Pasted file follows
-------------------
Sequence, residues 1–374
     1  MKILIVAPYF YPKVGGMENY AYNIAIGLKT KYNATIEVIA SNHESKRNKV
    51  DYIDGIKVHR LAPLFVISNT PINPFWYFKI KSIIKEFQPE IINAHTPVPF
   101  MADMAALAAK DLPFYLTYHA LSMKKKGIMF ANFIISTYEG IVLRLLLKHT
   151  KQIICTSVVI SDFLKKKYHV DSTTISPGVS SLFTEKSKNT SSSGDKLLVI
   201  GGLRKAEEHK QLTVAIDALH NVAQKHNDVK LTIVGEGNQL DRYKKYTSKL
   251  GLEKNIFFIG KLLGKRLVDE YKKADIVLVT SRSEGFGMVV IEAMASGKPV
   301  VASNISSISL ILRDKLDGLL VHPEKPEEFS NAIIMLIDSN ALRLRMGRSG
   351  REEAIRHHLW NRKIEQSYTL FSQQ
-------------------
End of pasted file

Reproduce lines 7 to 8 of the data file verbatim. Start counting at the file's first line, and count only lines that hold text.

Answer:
   251  GLEKNIFFIG KLLGKRLVDE YKKADIVLVT SRSEGFGMVV IEAMASGKPV
   301  VASNISSISL ILRDKLDGLL VHPEKPEEFS NAIIMLIDSN ALRLRMGRSG